Estimating legume N-2 fixation in grass-clover mixtures of a grazed organic cropping system using two N-15 methods

Publication: Research - peer-reviewJournal article – Annual report year: 2000

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The input of Nitrogen (N) through symbiotic N-2 fixation (SNF) in grass-clover mixtures was determined in an organic cropping. system for grazing during 3 years. The mixture of perennial ryegrass (Lolium perenne L.) and white clover (Trifolium repens L.) was established by undersowing in spring barley (Hordeum vulgare L.) and maintained subsequently for two production years. Dinitrogen fixation was determined using the N-15 isotope dilution techniques and two labelling procedures. Using either pre-labelling of the soil with immobilisation of the N-15 by addition of a carbon source before establishment of the grass-clover mixture or adding the N-15 labelled ammonium to the established crop, resulted in similar estimates of the proportion of N derived from the atmosphere (pNdfa). However, the average coefficient of variance of the pNdfa values was significantly lower with the pre-labelling immobilisation method. The proportion of fixed N in the clover varied between 0.70 and 0.99 with the lowest values in the beginning and at the end of the growing season. The total amount of N fixed in the above-ground plant parts of the grass-clover mixture varied between 10.0 and 23.5 g N m(-2) per year. The total input from N-2 fixation in the rotation was between 30 and 50 g N m(-2) per year (above-ground plant parts only). This variation could be ascribed to differences in climatic conditions during the 3 years. The amount of N in grass-clover residues incorporated in the soil after the second production year ranged between 19.6 and 29.6 g N m(-2), of which 52-66% was estimated to be derived from fixation. The amount of atmospherically derived N actually entering the soil in the grazed cropping system is discussed. (C)2000 Published by Elsevier Science B.V. All rights reserved.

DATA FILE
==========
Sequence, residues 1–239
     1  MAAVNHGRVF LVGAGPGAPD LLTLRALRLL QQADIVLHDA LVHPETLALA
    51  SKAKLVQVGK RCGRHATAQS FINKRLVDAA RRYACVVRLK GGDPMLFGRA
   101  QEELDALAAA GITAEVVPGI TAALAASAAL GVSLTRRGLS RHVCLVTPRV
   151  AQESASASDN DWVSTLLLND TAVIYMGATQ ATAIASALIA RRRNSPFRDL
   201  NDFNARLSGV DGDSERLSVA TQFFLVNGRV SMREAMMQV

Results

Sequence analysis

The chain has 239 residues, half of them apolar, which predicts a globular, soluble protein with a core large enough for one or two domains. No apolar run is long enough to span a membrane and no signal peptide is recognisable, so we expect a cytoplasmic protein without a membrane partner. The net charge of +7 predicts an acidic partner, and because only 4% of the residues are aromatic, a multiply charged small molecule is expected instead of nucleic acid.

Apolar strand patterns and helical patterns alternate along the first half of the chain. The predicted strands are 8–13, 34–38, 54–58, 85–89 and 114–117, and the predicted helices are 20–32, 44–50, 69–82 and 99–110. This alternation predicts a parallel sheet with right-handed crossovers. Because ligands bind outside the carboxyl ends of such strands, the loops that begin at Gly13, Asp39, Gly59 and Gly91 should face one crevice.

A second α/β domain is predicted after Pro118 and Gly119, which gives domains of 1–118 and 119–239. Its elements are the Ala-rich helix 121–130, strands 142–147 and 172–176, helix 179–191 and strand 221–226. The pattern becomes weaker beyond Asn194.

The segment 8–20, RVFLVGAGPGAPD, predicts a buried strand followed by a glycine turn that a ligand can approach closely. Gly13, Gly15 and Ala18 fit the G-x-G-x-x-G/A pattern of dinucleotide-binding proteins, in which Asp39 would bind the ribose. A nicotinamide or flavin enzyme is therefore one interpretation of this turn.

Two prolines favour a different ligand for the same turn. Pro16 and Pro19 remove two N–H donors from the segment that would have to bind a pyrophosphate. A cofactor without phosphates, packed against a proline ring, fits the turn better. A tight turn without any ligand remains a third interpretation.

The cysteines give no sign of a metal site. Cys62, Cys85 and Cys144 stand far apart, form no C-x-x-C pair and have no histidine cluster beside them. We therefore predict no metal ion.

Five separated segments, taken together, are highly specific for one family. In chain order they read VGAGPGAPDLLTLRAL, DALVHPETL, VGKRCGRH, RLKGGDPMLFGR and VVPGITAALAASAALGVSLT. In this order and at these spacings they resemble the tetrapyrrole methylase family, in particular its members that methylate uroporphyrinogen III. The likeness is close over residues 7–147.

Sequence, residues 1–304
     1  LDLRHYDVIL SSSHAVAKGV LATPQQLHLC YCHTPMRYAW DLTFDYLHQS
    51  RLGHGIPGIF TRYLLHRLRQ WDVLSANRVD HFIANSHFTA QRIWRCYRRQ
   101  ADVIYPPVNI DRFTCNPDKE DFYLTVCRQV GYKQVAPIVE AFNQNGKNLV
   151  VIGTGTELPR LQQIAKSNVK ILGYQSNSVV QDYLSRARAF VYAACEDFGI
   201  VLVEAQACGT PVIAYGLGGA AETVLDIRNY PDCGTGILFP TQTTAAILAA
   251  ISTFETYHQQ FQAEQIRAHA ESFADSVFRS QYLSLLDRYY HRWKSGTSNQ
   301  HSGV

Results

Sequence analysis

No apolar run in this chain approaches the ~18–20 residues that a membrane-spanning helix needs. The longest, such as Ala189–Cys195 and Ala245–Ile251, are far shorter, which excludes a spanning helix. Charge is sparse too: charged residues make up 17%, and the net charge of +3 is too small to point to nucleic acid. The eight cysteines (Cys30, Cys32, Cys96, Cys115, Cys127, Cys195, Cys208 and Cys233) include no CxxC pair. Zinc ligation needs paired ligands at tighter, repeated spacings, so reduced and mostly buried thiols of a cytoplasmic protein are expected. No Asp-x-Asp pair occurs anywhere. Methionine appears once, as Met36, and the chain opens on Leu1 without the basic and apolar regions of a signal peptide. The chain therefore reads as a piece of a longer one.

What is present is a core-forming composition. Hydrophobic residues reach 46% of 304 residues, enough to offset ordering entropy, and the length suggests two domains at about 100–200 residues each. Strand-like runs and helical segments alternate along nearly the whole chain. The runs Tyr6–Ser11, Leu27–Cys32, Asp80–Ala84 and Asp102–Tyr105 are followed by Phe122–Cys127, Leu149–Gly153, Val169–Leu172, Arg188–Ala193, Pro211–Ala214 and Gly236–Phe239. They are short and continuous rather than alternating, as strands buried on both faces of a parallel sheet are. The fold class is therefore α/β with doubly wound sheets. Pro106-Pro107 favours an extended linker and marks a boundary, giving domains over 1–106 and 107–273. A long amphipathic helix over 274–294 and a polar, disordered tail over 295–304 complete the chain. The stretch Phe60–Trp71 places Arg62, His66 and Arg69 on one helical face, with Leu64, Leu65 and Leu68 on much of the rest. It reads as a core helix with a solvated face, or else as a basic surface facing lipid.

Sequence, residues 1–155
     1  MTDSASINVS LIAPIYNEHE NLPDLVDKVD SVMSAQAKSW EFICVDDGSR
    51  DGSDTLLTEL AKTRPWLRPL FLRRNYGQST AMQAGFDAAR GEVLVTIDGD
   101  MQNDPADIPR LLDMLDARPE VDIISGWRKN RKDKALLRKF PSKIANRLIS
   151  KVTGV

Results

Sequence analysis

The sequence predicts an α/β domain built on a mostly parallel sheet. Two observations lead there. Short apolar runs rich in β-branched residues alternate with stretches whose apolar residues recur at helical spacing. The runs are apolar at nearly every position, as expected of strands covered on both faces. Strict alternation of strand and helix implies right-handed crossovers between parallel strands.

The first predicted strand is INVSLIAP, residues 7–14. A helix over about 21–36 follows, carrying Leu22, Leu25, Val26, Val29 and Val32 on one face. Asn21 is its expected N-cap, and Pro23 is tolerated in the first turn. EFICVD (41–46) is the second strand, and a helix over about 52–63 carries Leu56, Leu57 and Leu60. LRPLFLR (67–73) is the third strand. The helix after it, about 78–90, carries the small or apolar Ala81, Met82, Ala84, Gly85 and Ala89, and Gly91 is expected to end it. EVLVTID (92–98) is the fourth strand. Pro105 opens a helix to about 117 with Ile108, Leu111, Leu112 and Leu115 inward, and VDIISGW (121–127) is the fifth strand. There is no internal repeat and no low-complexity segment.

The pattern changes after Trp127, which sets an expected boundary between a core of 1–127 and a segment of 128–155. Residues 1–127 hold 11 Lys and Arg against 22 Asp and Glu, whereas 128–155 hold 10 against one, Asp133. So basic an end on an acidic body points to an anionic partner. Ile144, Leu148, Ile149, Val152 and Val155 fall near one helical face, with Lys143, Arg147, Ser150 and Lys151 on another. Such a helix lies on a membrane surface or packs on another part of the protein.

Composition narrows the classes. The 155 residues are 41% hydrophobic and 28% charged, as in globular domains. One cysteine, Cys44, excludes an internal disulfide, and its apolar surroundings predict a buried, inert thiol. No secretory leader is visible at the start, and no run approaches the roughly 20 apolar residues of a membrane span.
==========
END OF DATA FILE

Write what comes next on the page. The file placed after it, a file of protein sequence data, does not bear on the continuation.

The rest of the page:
Original languageEnglish
JournalAgriculture, Ecosystems & Environment
Publication date2000
Volume78
Pages139-147
ISSN0167-8809
DOIs
StatePublished
CitationsWeb of Science® Times Cited: 27
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